Dictionary of National Biography, 1885-1900/Wotton, William
WOTTON, WILLIAM (1666–1727), scholar, second son of Henry Wotton, incumbent of Wrentham, Suffolk, was born in that parish on 13 Aug. 1666. His father, after seven years at the free school at Canterbury, lived in the household of Meric Casaubon [q. v.], and was by him trained in Latin and Greek. Casaubon's method seems to have suggested to Henry Wotton the advantage of trying from the beginning to interest children in their studies, and his ‘Essay on the Education of Children’ was published posthumously in 1753.
William could read a psalm when aged four years and six weeks, and from that date his father laboured at his education. He liked reading in big books such as Buck's ‘Cambridge Bible.’ One day a friend called on his father, bringing with him Bucer's ‘Commentary on the Gospel.’ The child looked into the book and tried to spell out the Latin words, and thus became eager to know that language. He worked into it by learning the names of things, and so was soon able to read the gospel of St. John in the Vulgate. After two months at St. John's gospel in Latin his father showed him the Greek Testament, and by five years of age he could read St. John's Gospel through. Two months later he began Hebrew, and soon read the first psalm. Every day he then read English at eight, Latin at ten, Greek at two, and Hebrew at four. He gradually acquired a natural perception of grammar. At five and a half he began Homer and Virgil, and by six he had read the whole ‘Batrachomyomachia,’ the golden verses of Pythagoras, and the first three eclogues of Virgil, and some Terence and Corderius. He then for the first time learned the declensions, and soon after the rest of grammar. On 24 May 1672 John Ombler, fellow of Corpus Christi College, Cambridge, examined him and certified to his knowledge of Latin, Greek, and Hebrew. Philip Skippon on 4 Sept. 1672 testified that he could translate Hebrew, Greek, and Latin into English; and on 20 July in the same year Sir Thomas Browne the physician certified that he read a stanza in Spenser very distinctly, also some verses of the first eclogue of Virgil, some verses of Homer, and of the Carmina Aurea, and the first verse of the fourth chapter of Genesis in Hebrew, and construed all accurately.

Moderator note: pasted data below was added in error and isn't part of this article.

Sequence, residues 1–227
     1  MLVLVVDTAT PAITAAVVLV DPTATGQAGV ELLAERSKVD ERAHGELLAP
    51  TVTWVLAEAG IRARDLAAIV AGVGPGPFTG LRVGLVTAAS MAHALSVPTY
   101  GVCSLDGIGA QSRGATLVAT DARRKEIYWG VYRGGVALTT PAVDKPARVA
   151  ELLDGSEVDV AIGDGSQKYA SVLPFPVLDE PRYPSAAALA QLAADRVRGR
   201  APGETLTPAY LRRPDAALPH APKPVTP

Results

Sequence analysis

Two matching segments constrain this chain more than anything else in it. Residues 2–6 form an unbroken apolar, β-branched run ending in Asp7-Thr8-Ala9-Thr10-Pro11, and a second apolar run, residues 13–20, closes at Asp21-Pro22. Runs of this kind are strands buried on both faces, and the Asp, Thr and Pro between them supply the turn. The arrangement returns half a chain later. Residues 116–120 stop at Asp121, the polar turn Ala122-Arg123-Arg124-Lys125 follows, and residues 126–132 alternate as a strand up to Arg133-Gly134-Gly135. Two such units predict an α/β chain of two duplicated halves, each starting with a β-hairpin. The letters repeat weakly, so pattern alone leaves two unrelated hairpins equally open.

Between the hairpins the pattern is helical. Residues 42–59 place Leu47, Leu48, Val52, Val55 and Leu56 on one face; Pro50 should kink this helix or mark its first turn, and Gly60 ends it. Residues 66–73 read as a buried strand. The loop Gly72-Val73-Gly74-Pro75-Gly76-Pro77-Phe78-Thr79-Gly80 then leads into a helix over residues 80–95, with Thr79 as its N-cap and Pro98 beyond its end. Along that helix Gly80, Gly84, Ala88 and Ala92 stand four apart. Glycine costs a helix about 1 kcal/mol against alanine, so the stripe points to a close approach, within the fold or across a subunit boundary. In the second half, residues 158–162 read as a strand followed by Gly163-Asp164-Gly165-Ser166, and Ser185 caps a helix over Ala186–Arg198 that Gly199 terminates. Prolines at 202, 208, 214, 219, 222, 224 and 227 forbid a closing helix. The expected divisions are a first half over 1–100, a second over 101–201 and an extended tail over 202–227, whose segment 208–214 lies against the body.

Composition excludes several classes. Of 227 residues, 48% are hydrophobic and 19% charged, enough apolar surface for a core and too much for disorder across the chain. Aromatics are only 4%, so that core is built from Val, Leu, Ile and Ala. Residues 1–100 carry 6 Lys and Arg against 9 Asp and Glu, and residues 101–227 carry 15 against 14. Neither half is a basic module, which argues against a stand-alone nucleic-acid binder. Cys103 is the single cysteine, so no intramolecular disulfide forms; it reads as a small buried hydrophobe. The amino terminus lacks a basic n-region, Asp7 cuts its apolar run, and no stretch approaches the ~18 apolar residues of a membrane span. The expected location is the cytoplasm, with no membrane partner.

He was admitted at Catharine Hall, Cambridge, in April 1676, and John Eachard [q. v.], the master, recorded in the register that he was less than ten years of age and ‘nec Hammondo nec Grotio secundus,’ in reading which statement it must, however, be remembered that Eachard had a vein of ironical humour which made Swift come to visit him. James Duport [q. v.], master of Magdalene, described his merits in some Latin verses ‘In Gulielmum Wottonum.’ He graduated B.A. in 1679. In 1680 Gilbert Burnet invited him to London and introduced him to Bishop William Lloyd (1627–1717) [q. v.], who took him in 1681 to St. Asaph, and employed him to arrange his library. Dr. Francis Turner (afterwards bishop of Ely) [q. v.] got him a fellowship at St. John's College, Cambridge, and he graduated M.A. in 1683, and B.D. in 1691. He was elected F.R.S. on 1 Feb. 1687.
In 1694 Wotton published ‘Reflections upon Ancient and Modern Learning,’ a contribution on the side of the moderns to the controversy between Sir William Temple and Monsieur Perrault. Unlike most controversial writings it is chiefly devoted to the clear statement of facts, and may still be read as the best summary of the discoveries in nature and physical science up to its date. A second edition appeared in 1697. Swift, on the other side of the controversy, attacks him in the ‘Battle of the Books.’ In 1695 Wotton published in the ‘Philosophical Transactions’ an abstract of Scilla's treatise on petrifaction, and in 1697 a vindication of that abstract and ‘An Examination of Dr. Woodward's Account of the Deluge;’ these were followed in 1698 by ‘An Answer to a late Pamphlet.’ He paid much attention to medals, and in 1701 wrote a ‘History of Rome from the Death of Antoninus Pius to the death of Severus Alexander,’ intended for the Duke of Grafton, of which it is said that Leibnitz praised it to George II.